A graph database is a specialized, single-purpose platform for creating and manipulating graphs. Graphs contain nodes, edges, and properties, all of which are used to represent and store data in a way that relational databases are not equipped to do.
Graph analytics is another commonly used term, and it refers specifically to the process of analyzing data in a graph format using data points as nodes and relationships as edges. Graph analytics requires a database that can support graph formats; this could be a dedicated graph database, or a multi-model database that supports multiple data models, including graph.
What Is a Graph?
A graph is a collection of points (vertices) and lines between those points (edges). Graphs allow users to model data based on relationships in a more natural, intuitive way than relational databases usually allow for.
In the example below, the vertices are Melli, Jean, John, Lucy, and Sophie and the edges which denote the relationships are “collaborates with” and “feuds with”.
The graph format provides a much more flexible platform for finding distant connections or analyzing data based on things like strength or quality of relationship. When searching for an indirect relationship between two data points, the nature of a graph format's logic is a more efficient platform for completing this task.
Graphs let you explore and discover connections and patterns in social networks, IoT, big data, data warehouses, and also complex transaction data for multiple business use cases including fraud detection in banking, discovering connections in social networks, and customer 360. Today, graph is increasingly being used as a part of data science as a way to make connections in relationships clearer.
Graph algorithms—operations specifically designed to analyze relationships and behaviors among data in graphs—make it possible to understand things that are difficult to see with other methods. For example, graph algorithms can identify what individual or item is most connected to others in social networks or business processes. The algorithms can identify communities, anomalies, common patterns, and paths that connect individuals or related transactions.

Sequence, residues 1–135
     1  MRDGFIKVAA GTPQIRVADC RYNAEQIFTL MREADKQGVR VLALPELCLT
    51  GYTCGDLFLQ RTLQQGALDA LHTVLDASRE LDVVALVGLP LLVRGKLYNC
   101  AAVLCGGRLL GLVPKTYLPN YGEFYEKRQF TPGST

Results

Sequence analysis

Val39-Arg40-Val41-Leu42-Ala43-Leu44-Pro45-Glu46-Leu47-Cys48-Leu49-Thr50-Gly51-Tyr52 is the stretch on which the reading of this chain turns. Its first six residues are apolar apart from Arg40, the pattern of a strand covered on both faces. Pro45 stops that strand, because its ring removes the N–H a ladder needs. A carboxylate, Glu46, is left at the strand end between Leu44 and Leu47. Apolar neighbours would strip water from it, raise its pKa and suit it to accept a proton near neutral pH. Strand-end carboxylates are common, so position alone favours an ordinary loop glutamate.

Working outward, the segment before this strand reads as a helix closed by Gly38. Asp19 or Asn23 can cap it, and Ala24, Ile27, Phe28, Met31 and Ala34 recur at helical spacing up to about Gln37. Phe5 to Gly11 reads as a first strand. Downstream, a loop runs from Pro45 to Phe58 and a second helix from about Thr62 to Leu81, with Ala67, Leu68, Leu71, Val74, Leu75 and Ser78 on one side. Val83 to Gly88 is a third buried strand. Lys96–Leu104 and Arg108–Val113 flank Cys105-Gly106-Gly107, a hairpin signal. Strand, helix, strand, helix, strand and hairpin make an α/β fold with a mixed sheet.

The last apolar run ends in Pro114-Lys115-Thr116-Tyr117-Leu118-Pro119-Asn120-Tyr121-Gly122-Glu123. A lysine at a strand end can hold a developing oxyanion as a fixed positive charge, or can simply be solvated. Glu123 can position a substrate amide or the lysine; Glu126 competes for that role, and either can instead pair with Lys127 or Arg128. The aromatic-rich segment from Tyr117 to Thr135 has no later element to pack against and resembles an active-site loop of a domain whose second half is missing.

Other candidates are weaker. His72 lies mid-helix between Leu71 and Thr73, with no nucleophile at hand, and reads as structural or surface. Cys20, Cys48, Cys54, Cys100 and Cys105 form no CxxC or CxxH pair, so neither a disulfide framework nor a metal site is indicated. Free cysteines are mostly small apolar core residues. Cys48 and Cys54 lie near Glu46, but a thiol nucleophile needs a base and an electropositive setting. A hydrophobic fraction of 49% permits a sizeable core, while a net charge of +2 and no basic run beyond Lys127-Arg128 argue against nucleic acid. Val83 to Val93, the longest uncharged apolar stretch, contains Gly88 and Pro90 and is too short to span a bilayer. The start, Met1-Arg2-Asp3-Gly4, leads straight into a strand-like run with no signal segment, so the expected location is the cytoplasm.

Graph Database Fundamentals
Graph databases bring data into a graph format, regardless of the data model they draw from. In a graph format, the key assets are records (nodes or vertices) and the connections between the records (edges, links, or relationships). Since it’s possible to create connections (edges) between two nodes or many nodes, this in turn opens the door to all sorts of dimensional analyses.
The image below gives a visual representation of an example query using graph analytics. In this example, all of the records are represented by dots. By default, all of the dots are blue. When a query is made, the resulting records and their respective connections are shown in red. Graph databases allow for nearly limitless connections to help identify patterns and detect anomalies.
A simple real-world example of what can be accomplished with a graph database is determining directions from start to finish on a map. You can imagine that every intersection is a node and every street is an edge. The query, then, is to determine the best path to get from A to B. In addition, strength/quality of connection can be factored in as traffic. All of this can be included to process the query (see the example below):
How Can You Use a Graph Database?
Graph databases are an extremely flexible, extremely powerful tool. Because of the graph format, complex relationships can be determined for deeper insights with much less effort. Graph databases generally run queries in languages such as Property Graph Query Language (PGQL). The example below shows the same query in PGQL and SQL.
As seen in the above example, the PGQL code is simpler and much more efficient. Because graphs emphasize relationships between data, they are ideal for several different types of analyses. In particular, graph databases excel at:
Finding the shortest path between two nodes
Determining the nodes that create the most activity/influence
Analyzing connectivity to identify the weakest points of a network
Analyzing the state of the network or community based on connection distance/density in a group
A simple example of graph analytics in action is the image below, which shows a visual representation of the popular party game “Six Degrees of Kevin Bacon.” For those new to it, this game involves coming up with connections between Kevin Bacon and another actor based on a chain of mutual films. This emphasis on relationships makes it the ideal way to demonstrate graph analytics.
Imagine a data set with two categories of nodes: every film ever made and every actor that has been in those films. Then, using graph, we run a query asking to connect Kevin Bacon to Muppet icon Miss Piggy. The result would be as follows:
In this example, the available nodes (vertices) are both actors and films and the relationships (edges) are the status of “acted in.” From here, the query returns the following results:
Kevin Bacon acted in The River Wild with Meryl Streep.
Meryl Streep acted in Lemony Snicket’s A Series of Unfortunate Events with Billy Connolly.
Billy Connolly acted in Muppet Treasure Island with Miss Piggy.
Graph databases can query many different relationships for this Kevin Bacon example, such as: